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QTL for udder morphology and kinetic of milk emission in the Sarda x Lacaune population

One of the aim of the project was identifying quantitative trait loci affecting udder morphology and milk emission during machine milking in dairy ewes. Both these features greatly affect milkability of ewes and are thus of major interest for sheep farmers which wish to simplify milking activities and reduce milking time. To achieve our aim we first developed or improved two methods for appraising udder morphology. The first one was based on classical linear scoring of basic udder traits (teat placement, TP; udder attachment UA, udder depth UD, degree of separation of the halves DS). The second was based on the extraction of objective measurements of the udder from digital pictures. The reliability and feasibility of both techniques was assed by estimating repeatability and correlations of measures realised with the 2 methods and their correlations with measurements directly taken on the animals. Results indicated that both udder scoring and digital picture analysis are useful tools for appraising udder morphology in sheep.

The kinetics of milk emission during machine milking was recorded with an automatic device developed by INRA, which provides some measures of milk emission speed. Parameters provided at each individual milking are: average (AMF, ml/s) and maximum milk flow (MMF, ml/s), the moment of maximum milk flow occurrence (TMMF, s), and the time needed to collect the first 160 ml of milk in the jar (latency time, LT, s). Preliminary analysis showed that, among the traits recorded, MMF and TL are the most pertinent for describing milking individual speed, given that high MMF and low LT determine shorter milking time.

On the SardaXLacaune population udder scoring was performed once a month in 2000 and 3 times a year from 2001 to 2003; digital pictures of the udder were taken once a year in 2000 and 2001, milk emission data were collected twice a month for 4 years. Data were adjusted for the main environmental effects and QTL detection was performed on solutions of random individual effects for repeatability mixed models, using the QTLmap software. An original approach was used to increase the power of detection of non pleiotropic QTL when 2 correlated traits are investigated. It is based on the correction of the trait of interest for the genetic covariance with the correlated trait. In all, the analyses of different variables describing the udder morphology allowed for the detection of 53 locations significant at the 5% chromosome wise significance level.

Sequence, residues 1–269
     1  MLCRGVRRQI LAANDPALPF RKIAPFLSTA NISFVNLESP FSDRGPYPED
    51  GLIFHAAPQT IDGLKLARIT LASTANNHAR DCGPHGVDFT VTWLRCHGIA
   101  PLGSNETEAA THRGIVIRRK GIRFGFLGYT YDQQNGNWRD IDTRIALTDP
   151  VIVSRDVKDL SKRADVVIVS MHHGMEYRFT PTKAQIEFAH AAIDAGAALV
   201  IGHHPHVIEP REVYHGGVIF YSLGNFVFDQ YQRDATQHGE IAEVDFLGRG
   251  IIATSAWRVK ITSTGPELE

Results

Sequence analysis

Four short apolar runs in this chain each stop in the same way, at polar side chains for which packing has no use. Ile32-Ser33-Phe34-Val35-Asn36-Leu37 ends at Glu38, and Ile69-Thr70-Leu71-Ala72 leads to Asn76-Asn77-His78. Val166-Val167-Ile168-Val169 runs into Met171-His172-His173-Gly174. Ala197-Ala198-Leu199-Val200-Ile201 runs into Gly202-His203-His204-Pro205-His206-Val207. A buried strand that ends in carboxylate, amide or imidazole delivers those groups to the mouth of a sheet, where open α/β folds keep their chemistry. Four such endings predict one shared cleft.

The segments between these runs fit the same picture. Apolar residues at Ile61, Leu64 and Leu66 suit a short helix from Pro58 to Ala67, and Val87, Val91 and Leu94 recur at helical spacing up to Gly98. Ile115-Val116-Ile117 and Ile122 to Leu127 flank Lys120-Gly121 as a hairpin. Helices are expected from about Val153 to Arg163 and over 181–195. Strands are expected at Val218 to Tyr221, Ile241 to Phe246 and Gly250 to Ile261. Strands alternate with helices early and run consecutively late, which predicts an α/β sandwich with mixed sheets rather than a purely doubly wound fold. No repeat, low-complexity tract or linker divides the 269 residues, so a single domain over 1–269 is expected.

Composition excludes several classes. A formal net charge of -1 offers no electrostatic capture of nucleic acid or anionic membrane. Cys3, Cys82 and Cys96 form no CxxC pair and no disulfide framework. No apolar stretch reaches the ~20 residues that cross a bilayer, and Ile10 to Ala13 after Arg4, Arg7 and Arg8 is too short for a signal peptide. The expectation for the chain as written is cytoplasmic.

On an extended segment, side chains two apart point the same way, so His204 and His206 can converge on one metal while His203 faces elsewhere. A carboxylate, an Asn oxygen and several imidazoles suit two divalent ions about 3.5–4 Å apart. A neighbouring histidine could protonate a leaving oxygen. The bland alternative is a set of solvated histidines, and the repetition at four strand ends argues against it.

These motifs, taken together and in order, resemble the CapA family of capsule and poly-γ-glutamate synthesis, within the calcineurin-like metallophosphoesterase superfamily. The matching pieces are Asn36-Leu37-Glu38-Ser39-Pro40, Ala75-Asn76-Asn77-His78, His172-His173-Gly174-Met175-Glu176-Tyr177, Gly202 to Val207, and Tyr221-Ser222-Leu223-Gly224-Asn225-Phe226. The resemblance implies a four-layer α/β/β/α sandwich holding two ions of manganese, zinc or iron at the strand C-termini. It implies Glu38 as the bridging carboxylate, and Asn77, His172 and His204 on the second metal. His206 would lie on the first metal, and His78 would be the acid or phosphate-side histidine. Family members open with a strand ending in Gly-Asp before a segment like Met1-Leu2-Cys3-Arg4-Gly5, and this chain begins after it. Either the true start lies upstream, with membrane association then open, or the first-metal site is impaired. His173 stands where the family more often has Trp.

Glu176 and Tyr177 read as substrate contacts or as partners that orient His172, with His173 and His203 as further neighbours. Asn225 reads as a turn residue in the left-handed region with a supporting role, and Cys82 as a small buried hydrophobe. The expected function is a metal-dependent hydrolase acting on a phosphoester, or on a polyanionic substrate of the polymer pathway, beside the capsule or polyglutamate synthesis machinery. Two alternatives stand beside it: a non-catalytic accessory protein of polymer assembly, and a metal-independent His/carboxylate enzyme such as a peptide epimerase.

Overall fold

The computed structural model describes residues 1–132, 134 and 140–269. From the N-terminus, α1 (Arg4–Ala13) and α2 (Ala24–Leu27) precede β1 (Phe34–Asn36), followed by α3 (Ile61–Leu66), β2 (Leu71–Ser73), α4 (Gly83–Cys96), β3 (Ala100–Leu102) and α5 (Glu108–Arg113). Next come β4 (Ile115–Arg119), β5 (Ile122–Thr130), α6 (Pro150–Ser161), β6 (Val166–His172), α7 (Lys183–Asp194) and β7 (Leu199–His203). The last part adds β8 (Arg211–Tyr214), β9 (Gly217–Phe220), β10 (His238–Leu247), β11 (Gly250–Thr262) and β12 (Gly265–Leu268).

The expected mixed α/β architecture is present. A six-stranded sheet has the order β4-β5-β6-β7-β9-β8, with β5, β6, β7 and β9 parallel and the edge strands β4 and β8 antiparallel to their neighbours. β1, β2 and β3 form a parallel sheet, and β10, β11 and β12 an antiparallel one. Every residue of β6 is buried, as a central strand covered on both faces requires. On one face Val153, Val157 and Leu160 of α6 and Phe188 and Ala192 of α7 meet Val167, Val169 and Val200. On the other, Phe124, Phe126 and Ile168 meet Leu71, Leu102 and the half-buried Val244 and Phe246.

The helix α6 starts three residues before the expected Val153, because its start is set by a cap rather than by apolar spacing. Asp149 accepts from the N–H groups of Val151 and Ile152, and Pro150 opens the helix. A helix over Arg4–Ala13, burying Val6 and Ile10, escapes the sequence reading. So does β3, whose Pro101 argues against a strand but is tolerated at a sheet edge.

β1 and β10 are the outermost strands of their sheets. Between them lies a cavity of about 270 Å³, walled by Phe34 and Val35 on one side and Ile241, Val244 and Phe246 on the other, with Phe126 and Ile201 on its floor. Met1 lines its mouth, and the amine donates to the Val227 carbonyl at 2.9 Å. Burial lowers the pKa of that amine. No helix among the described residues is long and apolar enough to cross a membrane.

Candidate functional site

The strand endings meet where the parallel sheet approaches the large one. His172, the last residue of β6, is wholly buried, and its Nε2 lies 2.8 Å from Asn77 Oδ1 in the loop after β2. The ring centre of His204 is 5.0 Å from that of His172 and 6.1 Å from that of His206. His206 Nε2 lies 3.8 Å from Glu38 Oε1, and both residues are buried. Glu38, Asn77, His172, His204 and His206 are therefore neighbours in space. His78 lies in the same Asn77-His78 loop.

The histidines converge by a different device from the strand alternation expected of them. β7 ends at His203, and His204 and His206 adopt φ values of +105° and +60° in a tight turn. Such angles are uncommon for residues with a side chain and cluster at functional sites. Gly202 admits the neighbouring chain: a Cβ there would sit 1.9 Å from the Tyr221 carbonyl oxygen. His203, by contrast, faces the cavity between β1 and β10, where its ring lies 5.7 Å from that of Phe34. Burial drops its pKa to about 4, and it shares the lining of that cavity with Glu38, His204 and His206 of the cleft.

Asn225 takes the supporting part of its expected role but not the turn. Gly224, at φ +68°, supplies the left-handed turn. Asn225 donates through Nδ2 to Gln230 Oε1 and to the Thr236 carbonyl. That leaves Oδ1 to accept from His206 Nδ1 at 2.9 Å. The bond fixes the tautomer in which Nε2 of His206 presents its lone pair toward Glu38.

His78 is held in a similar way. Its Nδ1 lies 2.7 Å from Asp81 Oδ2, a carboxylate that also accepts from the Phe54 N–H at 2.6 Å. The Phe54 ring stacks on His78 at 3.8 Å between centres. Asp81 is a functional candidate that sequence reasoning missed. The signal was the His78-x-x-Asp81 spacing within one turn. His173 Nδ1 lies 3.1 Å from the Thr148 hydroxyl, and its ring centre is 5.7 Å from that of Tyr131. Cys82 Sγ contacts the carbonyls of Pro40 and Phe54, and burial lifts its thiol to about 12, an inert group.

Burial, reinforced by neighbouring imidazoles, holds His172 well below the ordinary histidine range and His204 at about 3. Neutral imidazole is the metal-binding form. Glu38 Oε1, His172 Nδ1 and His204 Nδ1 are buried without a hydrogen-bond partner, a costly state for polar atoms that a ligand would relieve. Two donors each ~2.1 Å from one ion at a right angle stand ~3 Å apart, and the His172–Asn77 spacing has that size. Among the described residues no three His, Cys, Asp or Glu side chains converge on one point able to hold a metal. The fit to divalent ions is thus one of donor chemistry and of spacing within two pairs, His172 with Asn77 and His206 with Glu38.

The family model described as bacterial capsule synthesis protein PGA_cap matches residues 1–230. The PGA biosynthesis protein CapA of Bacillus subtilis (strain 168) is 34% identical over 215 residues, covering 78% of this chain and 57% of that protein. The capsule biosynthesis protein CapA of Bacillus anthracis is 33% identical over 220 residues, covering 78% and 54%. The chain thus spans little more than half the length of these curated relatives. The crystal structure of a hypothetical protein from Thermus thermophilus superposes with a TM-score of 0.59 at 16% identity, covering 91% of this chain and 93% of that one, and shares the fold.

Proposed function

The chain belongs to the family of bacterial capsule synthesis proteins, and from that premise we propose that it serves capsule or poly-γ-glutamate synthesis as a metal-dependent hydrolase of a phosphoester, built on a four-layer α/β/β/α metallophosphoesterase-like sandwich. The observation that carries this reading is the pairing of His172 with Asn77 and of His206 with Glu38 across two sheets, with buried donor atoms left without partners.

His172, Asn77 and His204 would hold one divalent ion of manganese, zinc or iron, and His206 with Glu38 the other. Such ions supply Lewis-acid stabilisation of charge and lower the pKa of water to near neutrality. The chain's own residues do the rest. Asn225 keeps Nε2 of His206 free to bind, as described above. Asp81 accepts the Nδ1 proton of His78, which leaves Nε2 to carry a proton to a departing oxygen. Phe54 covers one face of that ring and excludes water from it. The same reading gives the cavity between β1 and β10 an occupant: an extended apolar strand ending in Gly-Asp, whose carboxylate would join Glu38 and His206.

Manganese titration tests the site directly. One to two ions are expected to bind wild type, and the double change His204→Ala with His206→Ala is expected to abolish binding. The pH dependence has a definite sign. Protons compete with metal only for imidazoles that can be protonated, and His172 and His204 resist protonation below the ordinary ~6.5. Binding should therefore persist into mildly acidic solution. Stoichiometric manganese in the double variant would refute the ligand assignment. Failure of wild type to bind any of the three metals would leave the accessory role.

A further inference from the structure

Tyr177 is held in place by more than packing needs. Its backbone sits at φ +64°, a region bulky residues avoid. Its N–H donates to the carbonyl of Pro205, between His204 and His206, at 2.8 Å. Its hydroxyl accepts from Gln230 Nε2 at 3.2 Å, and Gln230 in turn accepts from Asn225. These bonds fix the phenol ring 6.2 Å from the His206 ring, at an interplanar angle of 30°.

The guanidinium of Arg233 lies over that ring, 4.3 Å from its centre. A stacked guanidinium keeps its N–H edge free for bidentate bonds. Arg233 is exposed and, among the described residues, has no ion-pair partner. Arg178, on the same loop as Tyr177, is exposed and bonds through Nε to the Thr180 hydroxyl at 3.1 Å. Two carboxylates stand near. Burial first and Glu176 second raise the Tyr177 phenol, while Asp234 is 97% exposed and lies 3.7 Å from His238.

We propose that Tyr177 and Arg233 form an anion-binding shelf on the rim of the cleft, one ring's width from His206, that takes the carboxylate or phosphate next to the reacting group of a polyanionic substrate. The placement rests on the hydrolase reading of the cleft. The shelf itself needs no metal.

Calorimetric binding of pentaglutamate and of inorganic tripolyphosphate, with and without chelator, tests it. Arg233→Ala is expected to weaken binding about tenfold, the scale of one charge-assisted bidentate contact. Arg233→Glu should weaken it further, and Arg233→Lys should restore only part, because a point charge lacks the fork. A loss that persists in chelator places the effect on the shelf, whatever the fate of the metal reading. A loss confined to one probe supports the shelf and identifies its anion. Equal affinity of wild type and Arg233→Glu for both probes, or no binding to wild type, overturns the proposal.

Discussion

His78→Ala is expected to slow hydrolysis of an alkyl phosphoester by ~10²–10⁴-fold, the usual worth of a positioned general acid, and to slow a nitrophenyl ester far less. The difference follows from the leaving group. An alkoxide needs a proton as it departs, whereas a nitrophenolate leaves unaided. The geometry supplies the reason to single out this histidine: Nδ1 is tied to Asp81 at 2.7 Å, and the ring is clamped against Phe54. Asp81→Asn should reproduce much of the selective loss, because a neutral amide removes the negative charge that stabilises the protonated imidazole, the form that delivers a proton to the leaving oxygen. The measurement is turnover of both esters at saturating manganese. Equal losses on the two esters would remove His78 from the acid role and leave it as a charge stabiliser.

Most of these locations concerned the same udder trait measured in different ways. Consistent results arise from data issued from different measurement approaches. QTL with a high confidence level were detected on OAR 3, 4, 9, 14, 16, 20, 22, 26. In particular, on OAR 3, 4, 14 and 16, QTL affecting measures of udder width were detected. The number of informative families ranged from 2 to 4. QTL effects varied from 0.42 to 1.90 within family s.d. unit. QTL affecting cistern height was mapped on OAR9, OAR14 and OAR26. These finding are of particular importance for sheep milkability, given that the height of the cistern greatly affects stripping. Finally significant QTL affecting udder height or udder attachment was detected on OAR22. The existence of QTL affecting udder UA and UD was suggested for OAR6, OAR20 and OAR 26. QTL which affected milk emission speed were detected on OAR9, 11, 17, and 20. In Particular, a highly significant QTL, which affected milk emission speed, but had no effect on milk production, as detected on OAR11. This finding lead to envisage direct selection on milking speed whenever genetic gain for this trait, due to indirect response on milk yield selection, was not considered sufficient.


At present, only few studies on QTL affecting udder traits and milkability have been published on dairy cattle and none on dairy ewes. Our results represent thus a 1st step towards the possibility of selecting dairy ewes for these functional traits on the basis molecular information. The 2nd step is to verify whether the QTL detected in the backcross population are also segregating in the parental breeds and to define more precisely their location. As far as the Sardinian breed is concerned, this step has already been undertaken. A resource population of approximately 900 7/8 or 15/16 Sardinian x Lacaune (Sardinian recurrent parent) has been procreated. It is organised in 24 half-sib sire families of around 40 daughters and will be measured for udder morphology and milk emission traits as well as for other traits of interest, for 4 years. Twenty-two sires came from the AI centre of the Sardinian breed and are thus representative of the selected population. Furthermore our Institute has the availability of a DNA bank which will allow us to validate QTL for traits routinely recorded in the herd-book farms, i.e., concerning milkability, for udder morphology.

Informations connexes

Reported by

Istituto Zootecnico e Caseario per la Sardegna
S.S. Sassari-Fertilia Km18.6
07040 OLMEDO
Italy